Solar Energy: The Renewable Energy For the Future

Solar Energy: The Renewable Energy For the Future
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To you, what do you think the future of renewable energy is? Well, Solar energy definitely has a place there and here is why we feel the Renewable Energy for the Future is Solar Energy

Solar Energy: The Renewable Energy For the Future

With an estimate of 384.6 Yotta Watts (3.846×1026) the sun generates a very high amount of energy which has lasted for billions of years and doesn’t seem to stop generating energy anytime soon. I believe that in the future, the Sun will be part of what will be used in powering devices, cars, and a lot more since the world is moving to renewable energy. The truth is that non-renewable energy will eventually run-out one day so we have to start making use of the sun’s energy sooner than later.

Let us do a very fast rewind to what the Sun is. The sun is a combination of gases which include hydrogen about 70%, helium about 28%, nitrogen carbon and oxygen about 1.5% while other gases such as neon, iron, silicon, magnesium, and sulfur, make up the remaining 0.5%. The sun is said to 300,000 times bigger than the earth and has a temperature of 27 million-degree Fahrenheit (do you know how hot that is, over 60,000 times the temperature of an oven used to bake).

In 1887, Heinrich Hertz first harness the energy of this sun through the photoelectric effect. Photoelectric material converts solar rays to a current of electrons. It is true that the Sun has a lot of energy but why isn’t solar energy used to power everything around us? The answer is scientists have been trying to work out how to harness enough energy from given sunlight as most of the energy shined down to solar panels often lost the energy as a reflection or as heat.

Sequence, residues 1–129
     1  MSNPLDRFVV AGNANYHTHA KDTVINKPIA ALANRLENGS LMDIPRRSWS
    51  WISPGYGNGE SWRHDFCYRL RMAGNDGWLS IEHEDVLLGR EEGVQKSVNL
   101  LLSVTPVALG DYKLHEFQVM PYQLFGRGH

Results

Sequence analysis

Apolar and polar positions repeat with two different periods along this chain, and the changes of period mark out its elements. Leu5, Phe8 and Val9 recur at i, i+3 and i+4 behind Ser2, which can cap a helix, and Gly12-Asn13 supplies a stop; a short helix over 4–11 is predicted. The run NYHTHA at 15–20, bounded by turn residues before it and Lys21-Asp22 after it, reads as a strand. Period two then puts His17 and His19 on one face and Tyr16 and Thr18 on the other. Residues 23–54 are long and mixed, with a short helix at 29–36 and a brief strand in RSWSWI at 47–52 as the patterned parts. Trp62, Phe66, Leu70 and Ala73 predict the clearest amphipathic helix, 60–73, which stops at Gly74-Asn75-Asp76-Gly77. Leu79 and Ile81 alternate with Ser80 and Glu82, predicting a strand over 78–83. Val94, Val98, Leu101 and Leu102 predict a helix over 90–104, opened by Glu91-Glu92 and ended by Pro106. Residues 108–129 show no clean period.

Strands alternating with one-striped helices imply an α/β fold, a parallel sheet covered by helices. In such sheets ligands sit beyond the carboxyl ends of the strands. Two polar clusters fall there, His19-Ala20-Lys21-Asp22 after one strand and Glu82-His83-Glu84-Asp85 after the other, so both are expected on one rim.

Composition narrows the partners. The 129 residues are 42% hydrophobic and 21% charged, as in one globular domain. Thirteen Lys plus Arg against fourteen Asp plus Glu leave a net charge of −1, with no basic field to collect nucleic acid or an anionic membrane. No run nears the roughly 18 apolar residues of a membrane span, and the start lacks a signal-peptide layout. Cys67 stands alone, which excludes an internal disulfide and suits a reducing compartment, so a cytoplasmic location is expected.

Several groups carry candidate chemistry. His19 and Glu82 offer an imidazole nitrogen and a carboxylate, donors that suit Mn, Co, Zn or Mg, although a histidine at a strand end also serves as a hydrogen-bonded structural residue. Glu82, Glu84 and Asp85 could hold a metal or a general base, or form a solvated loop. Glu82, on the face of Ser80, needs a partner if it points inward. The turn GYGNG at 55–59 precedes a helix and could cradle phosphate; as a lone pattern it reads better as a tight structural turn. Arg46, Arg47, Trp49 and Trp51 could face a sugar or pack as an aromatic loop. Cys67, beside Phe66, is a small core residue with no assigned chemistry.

In 1883, Charles Fritts created the first solar cells from Selenium and gold coating. This cell was only able to convert about 1-2% of the Sun’s energy. This was used rarely because it was expensive. In the 1950s, Scientists discovered that Silicon was a better option compared to Selenium. With Silicon, solar cells were able to convert about 6% of the energy. This was also quite expensive and at such was used for space-crafts only. In the 1970s Exxon started making cheap solar converting cells. In Recent times, checking through your window to a solar panel, the solar cells used are of two types, monocrystalline and polycrystalline both made out of silicon with about 20% solar energy conversion efficiency. Currently, solar energy accounts for 1% of the world’s electricity generation but is expected to grow up to 65 times in the year 2050.

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On a final note, one major problem with using solar energy is the intensity of the sun on regions. Some part of the world get more sun than others, Seattle get lower sunlight compared to Egypt so this means solar panels in Egypt will produce more energy than that in Seattle. Also, change in seasons and the circle of day and night can also affect the energy will get and this can be conquered by improving the storage and transmission of the energy being harnessed. The efficiency and price of solar cells and panels could be another problem. In other to keep our universe safe from pollution, it is good we move to solar energy as it is a renewable energy.

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Author: Erommonsele Emmanuel

My name is Emmanuel, I am a graduate Mechanical Engineer, Technology Enthusiast and Lover of God. Welcome to your number one Tech Plug.

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